3/10 -- High School Circle: Euclid's 5th Postulate, the drama of ideas and the drama of people (Oleg Gleizer)
In this lecture, we will take a look at the murky surroundings of Euclid's 5th Postulate, possibly the most controversial scientific statement of all times. The Great Theorem of Fermat, a proverbial symbol of mathematical complexity, stood open for 358 years. Conjectured by Pierre de Fermat in 1637, it was proven by Andrew_Wiles with the help of his former student Richard Taylor in 1995. The Poincare Conjecture, another very hard math problem made famous outside of the scientific community by its conqueror Gregory Perelman's rejection of the $1,000,000 prize money, was proven in less than 100 years. It took humanity over 2,000 years to realize that the 5th Postulate is indeed a postulate and cannot be derived from other axioms of Euclidean geometry. The breakthrough can only be compared to the Copernican Revolution in astronomy that replaced the geocentric model of the universe with the heliocentric one. Both discoveries broke the millennia-long paradigms. The Copernican Revolution brought about Newtonian mechanics. The discovery of non-Euclidean geometry paved the way to the Relativity Theory of Einstein.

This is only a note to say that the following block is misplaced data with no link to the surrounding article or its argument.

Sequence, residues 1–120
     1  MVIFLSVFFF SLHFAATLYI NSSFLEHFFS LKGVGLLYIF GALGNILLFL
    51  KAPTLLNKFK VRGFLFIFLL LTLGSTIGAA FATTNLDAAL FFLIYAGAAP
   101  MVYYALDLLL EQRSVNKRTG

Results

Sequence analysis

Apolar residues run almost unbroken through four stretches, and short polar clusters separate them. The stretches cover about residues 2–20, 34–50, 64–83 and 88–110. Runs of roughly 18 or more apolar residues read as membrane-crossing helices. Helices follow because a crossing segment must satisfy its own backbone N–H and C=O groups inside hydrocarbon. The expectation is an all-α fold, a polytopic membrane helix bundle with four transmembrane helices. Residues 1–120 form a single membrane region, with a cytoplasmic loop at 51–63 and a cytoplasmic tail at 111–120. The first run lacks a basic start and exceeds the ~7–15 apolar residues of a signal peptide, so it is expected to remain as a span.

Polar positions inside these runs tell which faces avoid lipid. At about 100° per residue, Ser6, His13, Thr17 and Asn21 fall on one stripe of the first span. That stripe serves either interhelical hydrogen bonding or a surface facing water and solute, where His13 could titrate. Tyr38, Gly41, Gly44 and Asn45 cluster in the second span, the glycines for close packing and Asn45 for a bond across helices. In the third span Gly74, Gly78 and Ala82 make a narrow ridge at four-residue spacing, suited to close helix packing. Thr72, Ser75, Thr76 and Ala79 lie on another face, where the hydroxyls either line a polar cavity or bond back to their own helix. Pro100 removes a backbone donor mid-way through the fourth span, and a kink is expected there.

In the lecture, we will derive from the axioms the formula for the sum of angles of a triangle in the Euclidean plane and on a sphere. We will see that the first formula, traditionally considered to be the more elementary of the two, is in fact much harder to prove. We will also visit a planet that has only one pole, figure out the shape of the Universe, and some more.